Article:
Every so often, I find posts by NOD on other websites with information and warnings. I came across NOD’s response to a post–2-years ago– about FDCs on the site DoDLive. The BVA employee offered cheery advice to vets. (One wonders how many of these “Fully Developed Claims” have been successful and decided within the promised time limits since the program began.)
Here are NOD’s caveats with my emphasis added:
Unfortunately Ms. Trombley overlooks one glaring fact. VA has a habit of failing to go after that which you inform them of. I gave VA the name , location and everything but the GPS coordinates of the civilian hospital I was in during the Vietnam Boundary dispute. Six times. In the 21-526, in my Hearing at the RO, in my SOC, in my SSOC and in evidence submitted to the BVA on appeal. Results? Negative. They said the records they had were adequate. At what point will it occur that VA will not feel sufficiently motivated to even query St. Louis’ NPRC over your STRs?
As for DBQs, I suggest Ms. Trombley, an admitted Veterans Service Representative, look carefully and tell us where the space is for the doctor’s nexus? There is none. Nevertheless, we are admonished to provide a) proof of current disease/injury; proof of same in service and doctor’s nexus letter linking the two aforementioned items. It appears the VA would prefer that they be allowed to supply the nexus. Since 85% of all compensation claims are denied, we can assume that many arrive without this. Can we blame the poor Vet for his ignorance? There are only two venues for compensation claims. Either you DIY or you allow a VSO to represent you. I have had three and none proffered the need for the nexus. I did it myself the fourth time and won everything at the RO without an appeal (100%+40% +10%). I finally wrote a book about it to show other Vets why they lose (asknod.org) Ms. Trombley would do us all a great favor if she more clearly identified why a fast track claim is better. DBQs simply take the VA off the hook for assembling the claim. It does nothing to ensure success and may be more harmful in its present configuration. Stick with the guaranteed requirements of the Caluza triangle above. Lack of nexus sinks more claims than any other factor and Vets are not apprised of it until they get good legal representation.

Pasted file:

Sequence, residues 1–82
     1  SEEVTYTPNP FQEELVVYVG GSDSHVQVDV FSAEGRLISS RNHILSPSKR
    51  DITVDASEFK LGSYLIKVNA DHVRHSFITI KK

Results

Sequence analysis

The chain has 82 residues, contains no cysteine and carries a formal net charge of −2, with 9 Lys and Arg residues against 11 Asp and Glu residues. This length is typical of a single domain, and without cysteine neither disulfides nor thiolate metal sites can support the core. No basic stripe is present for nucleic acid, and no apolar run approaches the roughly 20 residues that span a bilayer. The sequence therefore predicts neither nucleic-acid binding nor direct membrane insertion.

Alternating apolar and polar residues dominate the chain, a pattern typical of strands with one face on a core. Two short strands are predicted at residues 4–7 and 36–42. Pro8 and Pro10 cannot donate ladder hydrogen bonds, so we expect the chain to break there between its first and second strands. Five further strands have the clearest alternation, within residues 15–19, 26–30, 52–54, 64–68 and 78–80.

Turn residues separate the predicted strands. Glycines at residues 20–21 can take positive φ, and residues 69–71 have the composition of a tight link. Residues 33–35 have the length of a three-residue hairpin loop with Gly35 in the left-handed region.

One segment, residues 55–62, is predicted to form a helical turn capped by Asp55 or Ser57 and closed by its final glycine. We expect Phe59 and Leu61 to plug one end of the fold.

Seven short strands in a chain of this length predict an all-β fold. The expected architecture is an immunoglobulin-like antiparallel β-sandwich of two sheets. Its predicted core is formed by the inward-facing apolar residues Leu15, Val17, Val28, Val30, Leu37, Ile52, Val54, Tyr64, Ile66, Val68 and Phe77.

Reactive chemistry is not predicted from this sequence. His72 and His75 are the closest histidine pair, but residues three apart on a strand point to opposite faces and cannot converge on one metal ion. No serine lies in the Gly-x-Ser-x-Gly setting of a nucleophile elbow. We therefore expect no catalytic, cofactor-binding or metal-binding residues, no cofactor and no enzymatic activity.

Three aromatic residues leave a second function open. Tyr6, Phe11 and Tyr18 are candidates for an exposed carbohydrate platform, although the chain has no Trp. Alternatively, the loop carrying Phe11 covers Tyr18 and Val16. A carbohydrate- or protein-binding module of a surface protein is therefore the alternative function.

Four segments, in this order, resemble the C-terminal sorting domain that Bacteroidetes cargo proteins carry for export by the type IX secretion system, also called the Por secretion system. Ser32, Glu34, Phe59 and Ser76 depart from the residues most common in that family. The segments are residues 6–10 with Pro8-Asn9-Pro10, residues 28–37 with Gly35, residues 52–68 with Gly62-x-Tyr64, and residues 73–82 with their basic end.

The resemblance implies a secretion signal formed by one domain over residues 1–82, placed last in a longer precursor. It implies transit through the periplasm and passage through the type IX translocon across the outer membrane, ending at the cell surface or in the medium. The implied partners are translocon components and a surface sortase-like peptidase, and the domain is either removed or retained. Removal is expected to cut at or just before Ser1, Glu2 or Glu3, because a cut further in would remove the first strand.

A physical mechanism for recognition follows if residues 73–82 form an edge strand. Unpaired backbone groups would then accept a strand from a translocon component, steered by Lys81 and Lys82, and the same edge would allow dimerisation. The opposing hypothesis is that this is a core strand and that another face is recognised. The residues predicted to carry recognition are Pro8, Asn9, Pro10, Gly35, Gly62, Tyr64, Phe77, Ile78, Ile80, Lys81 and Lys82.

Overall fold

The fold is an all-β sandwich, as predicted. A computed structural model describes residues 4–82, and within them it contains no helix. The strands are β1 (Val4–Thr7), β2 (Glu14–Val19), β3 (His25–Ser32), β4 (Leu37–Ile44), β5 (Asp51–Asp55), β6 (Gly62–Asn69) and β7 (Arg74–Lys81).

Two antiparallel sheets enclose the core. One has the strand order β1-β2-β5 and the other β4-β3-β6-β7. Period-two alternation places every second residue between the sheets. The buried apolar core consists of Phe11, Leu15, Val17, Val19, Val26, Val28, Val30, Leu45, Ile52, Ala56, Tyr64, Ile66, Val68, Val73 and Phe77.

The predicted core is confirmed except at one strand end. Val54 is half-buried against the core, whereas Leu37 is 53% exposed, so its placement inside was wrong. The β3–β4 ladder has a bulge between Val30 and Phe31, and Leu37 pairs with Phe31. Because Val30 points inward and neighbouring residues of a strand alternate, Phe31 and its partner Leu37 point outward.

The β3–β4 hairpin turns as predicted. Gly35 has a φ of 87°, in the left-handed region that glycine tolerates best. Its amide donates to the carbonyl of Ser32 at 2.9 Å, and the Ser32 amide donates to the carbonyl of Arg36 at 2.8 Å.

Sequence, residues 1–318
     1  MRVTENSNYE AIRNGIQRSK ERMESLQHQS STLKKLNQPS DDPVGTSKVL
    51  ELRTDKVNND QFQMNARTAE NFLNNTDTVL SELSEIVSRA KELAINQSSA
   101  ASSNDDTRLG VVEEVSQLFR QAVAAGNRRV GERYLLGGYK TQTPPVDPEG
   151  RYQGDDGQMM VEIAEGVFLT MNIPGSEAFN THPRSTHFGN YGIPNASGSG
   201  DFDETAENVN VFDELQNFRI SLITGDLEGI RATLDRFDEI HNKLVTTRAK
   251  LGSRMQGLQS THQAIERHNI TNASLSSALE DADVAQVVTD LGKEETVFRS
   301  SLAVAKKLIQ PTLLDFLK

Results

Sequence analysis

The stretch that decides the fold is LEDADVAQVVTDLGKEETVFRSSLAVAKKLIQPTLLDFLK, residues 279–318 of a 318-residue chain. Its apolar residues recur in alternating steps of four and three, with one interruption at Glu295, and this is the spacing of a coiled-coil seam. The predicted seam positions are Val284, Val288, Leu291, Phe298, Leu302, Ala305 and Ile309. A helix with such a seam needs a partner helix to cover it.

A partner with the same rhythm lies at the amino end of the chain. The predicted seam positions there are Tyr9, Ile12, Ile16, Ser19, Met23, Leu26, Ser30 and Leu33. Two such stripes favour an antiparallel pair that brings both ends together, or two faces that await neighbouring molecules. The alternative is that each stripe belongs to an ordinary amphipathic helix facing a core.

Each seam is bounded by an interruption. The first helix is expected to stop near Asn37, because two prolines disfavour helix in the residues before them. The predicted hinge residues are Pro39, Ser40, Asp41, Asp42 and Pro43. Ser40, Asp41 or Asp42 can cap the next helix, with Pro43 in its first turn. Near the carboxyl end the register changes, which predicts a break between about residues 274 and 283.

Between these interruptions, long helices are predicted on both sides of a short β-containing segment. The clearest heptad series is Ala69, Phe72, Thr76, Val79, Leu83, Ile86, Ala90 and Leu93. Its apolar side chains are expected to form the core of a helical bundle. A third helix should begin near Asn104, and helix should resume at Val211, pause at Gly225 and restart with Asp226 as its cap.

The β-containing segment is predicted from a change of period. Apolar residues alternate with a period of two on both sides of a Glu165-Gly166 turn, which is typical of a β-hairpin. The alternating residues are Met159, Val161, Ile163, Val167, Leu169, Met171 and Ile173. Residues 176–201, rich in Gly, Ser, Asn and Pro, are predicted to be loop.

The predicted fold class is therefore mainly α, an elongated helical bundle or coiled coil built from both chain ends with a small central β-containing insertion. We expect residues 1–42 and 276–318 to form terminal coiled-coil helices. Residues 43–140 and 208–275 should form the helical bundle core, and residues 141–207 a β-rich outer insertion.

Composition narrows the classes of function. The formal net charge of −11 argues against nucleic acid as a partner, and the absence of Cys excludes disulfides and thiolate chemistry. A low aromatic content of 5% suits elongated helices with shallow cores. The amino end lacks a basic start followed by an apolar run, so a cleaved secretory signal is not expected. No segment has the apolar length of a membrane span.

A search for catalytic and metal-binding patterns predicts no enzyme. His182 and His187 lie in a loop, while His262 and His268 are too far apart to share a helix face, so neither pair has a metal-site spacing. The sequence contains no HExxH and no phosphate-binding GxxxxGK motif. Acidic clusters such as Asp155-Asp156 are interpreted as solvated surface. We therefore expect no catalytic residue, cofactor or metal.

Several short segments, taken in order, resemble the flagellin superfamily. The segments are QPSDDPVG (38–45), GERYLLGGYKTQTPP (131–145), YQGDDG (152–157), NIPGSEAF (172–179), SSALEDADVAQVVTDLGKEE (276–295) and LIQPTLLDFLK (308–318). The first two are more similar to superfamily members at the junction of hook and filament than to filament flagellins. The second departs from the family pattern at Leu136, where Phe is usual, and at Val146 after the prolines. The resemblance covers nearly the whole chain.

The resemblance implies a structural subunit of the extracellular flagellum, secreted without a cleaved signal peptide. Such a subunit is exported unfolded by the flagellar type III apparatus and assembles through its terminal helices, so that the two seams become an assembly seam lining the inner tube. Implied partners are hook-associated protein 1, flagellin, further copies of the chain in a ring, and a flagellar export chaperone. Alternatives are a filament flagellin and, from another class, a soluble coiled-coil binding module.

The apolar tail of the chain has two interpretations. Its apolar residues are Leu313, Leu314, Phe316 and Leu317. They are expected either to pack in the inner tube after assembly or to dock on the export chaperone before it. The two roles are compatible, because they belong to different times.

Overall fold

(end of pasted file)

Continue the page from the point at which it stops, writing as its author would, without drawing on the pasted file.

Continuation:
Considering this is a non adversarial venue in which to present our claims. I would hope Ms. Trombley can explain why the BVA needs a phalanx of 500 lawyers against unrepresented Vets or even VSOs with no juris doctor degree. Veteran friendly? Yes. They smile when they deny. If we’d just give them more evidence, we’d win? No one has explained why there are so many deadbeat Vets filing claims. One can only assume that from the horrific denial statistics.
As for accuracy in claims decisions, by who’s measurement is it 86%? When the fox is in charge of the hen house and egg production, one must look more closely at the purported statistics. Entrusting that measurement to the selfsame fellows who work there is not scientifically or statistically defensible.
I have read the DBQ for HCV and it is defective. For example, many extrahepatic conditions aren’t given. Mental health sequela is left off the form. The Hepatitis C DBQ needs to be challenged and improved. As far as trusting VA employees to have your best interests at heart, that is a pipe dream so I guess vets better study up on the Caluza Triangle before going for the FDC carrot.